Monthly Archives: December 2009

Illness and the benefits of Mama’s milk

Catherine, Esme and I have been sick for various lengths of time over the past week. Catherine and I got sick on the day before Thanksgiving. The two of us shared a feverish bed at the Lowes’ house in Townsend that Wednesday night, while Mama slept with Esme on an air mattress. We were both up and down with various fever and cold symptoms for the remainder of the Thanksgiving weekend. Catherine started to get on the mend by Monday morning, and as of tonight is pretty much back to normal. Esme got sick on Sunday night and is back to normal tonight. I’m still fighting a cough, sore throat, congestion, AND I have an ear infection!! And Rebecca? Well, she hasn’t been sick at all, despite spending the past week in close contact with all of us. What gives?

Well, here’s my theory. Mama’s milk. Esme gets it all the time. Catherine gets it occasionally, but particularly if she’s not feeling well. And, though we are a very close family, I don’t drink breastmilk at all. And Mama? Well, she makes the milk, so I guess that must do something for her. That, and her superior immune system and excellent personal hygeine.

Meanwhile, I’m stuck doing what I can, like taking antibiotics for the ear infection, drinking water, chamomile tea, and even trying spicy tomato tea to try and kill this bug.

I’m sure there are other, more scientific explanations for it, but I like mine.

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Keeping Warm in the Winter (without relying on the heaters)

It is December 1st and the Wood household has yet to turn on the heat. Not because we’re gluttons for punishment or because we’re better than you or anything. Mostly, it just hasn’t gotten cold enough to need it on. We try to avoid turning the heat on for a few reasons: conservation of energy and financial savings are just the big ones.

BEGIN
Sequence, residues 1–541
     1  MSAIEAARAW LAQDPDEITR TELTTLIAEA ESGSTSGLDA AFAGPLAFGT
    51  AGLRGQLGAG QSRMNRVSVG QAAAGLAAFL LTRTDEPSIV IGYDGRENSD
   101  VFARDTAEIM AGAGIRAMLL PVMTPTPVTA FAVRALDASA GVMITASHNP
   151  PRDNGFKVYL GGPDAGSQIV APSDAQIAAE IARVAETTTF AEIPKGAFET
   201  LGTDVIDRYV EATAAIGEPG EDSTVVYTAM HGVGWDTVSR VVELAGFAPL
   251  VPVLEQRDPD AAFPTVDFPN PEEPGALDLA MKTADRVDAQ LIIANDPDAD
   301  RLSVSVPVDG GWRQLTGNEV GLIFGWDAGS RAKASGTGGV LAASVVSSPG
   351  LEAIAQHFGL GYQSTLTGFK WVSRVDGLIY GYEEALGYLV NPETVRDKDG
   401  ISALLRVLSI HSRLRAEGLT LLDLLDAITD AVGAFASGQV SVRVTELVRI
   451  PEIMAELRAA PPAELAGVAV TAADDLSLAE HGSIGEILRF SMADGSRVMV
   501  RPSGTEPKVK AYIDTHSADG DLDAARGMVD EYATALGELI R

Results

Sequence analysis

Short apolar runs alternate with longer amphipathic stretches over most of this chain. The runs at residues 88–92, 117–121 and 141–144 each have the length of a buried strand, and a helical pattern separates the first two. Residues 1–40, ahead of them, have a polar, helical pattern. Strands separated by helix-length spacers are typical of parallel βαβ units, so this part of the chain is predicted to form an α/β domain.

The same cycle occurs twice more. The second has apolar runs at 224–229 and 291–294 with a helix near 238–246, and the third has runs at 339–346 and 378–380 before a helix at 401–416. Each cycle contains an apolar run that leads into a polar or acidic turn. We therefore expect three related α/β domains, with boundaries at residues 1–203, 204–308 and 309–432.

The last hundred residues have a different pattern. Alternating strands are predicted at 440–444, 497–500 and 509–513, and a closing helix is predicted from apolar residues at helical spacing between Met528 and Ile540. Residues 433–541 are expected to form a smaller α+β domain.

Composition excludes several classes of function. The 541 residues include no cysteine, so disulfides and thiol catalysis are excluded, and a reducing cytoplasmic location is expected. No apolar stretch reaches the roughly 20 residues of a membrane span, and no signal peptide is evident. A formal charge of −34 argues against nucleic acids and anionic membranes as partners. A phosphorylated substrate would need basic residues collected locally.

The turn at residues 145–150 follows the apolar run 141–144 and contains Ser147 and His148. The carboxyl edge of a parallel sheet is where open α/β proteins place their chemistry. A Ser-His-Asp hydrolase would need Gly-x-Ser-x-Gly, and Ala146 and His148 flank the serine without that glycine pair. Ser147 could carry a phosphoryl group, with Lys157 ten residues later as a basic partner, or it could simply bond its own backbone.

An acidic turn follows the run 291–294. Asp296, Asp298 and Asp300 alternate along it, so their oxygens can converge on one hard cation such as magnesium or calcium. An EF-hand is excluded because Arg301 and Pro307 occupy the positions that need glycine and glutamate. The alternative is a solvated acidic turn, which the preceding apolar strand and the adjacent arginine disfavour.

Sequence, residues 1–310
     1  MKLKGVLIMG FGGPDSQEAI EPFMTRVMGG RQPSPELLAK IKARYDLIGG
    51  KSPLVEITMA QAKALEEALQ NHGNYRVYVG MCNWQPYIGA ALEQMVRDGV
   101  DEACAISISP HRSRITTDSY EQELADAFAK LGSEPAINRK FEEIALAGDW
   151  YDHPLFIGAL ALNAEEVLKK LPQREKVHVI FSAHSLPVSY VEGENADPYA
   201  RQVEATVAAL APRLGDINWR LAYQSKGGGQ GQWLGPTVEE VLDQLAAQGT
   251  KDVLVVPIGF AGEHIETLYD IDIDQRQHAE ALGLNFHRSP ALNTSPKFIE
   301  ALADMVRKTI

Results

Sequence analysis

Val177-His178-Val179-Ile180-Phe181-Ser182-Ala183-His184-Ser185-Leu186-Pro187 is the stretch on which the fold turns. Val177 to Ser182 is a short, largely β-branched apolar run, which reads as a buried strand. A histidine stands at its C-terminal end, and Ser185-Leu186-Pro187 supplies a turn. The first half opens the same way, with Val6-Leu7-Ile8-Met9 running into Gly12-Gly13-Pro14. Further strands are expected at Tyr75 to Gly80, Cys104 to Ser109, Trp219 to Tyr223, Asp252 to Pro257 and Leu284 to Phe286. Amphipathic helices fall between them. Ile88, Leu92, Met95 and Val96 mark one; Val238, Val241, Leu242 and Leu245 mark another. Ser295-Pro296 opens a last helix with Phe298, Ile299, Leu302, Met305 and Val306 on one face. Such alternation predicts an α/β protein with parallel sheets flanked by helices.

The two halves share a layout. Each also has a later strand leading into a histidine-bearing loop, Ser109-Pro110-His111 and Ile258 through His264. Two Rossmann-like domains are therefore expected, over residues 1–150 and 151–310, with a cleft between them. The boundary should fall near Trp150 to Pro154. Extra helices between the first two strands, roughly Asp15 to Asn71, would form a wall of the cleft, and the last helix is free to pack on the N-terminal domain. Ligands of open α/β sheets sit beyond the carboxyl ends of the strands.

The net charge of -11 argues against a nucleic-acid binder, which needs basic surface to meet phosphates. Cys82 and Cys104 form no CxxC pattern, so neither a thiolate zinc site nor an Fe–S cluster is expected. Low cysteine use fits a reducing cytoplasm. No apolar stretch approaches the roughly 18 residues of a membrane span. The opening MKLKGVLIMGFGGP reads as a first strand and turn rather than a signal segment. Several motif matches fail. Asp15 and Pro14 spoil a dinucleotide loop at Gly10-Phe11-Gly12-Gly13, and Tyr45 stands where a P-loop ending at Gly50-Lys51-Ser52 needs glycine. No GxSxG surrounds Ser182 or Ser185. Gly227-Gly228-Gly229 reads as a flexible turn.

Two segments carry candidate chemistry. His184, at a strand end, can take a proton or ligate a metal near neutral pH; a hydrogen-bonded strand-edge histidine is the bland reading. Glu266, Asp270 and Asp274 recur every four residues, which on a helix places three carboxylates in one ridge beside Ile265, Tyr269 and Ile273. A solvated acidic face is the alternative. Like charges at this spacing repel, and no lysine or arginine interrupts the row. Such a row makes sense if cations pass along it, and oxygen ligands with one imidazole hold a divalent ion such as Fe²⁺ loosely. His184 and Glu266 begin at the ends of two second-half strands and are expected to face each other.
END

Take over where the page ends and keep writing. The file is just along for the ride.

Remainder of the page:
Here are some of our tips for staying comfortable (and saving money) as the temperature dives:

Reduce the amount of space you need to heat. The smaller your house, the less heat you’ll need. If you’re looking to buy a new house, don’t buy more square footage as you need. If you’re not moving, look at how you can close off unused space and keep the heat in the used space. Closing doors, shutting off radiators, hanging heavy blankets in open doorways are good places to start.

Insulate your outsides walls. This might mean more insulation in the attic or tighter windows. It can also mean draft dodgers at doors and windows. You can even buy (or make) heavy window quilts to keep the heat in. And there’s always window plastic to fall back on!

Use a programmable thermostat. If everyone is out of the house all day there’s no reason to keep the house too warm. Set your thermostat to turn on just before you wake up and turn off as you’re leaving for the day. You can set it to kick on again about an hour before you come home. We also set ours to shut off at night while we’re all asleep.

Dress appropriately. I love to go barefoot, but it just isn’t practical in these cold New England winters. Socks, pants and long sleeve shirts are givens. Sometimes long underwear or a sweater is just the layer you need to take the chill off. If you can wear short sleeves in February you’re probably keeping the house too warm. Remember to dress appropriately at night, too. Warm pjs and socks underneath flannel sheets and a warm quilt or comforter should do the trick.

Keep busy. Make cookies, vacuum, do the dishes, play games, exercise, organize a closet, fold the laundry, paint a room. The more you move, the warmer you’ll be.

Eat (and drink!) warm things. Hot chocolate, beef stew, chili, mashed potatoes, chicken soup, oatmeal, tea… you get the picture, right?

Get out of the house. You’ll spend less money on heat if you go somewhere else. We love to spend time at the library. Church makes for a long outing on Sundays. Walking the mall, exploring a museum or visiting friends and family can keep you away from home as well. Bundling up can give you more options- go for a walk or run, shovel snow, build a snowman. The fresh air will do you good and will make the warm house seem even warmer when you get home!

Lowering your thermostat just a couple of degrees can make a big difference. Start slowly and drop a degree or two. Once you get accustomed to that drop it a couple more. You’ll find a temperature that is both comfortable enough to live in and that won’t devastate your budget. Good luck, and stay warm!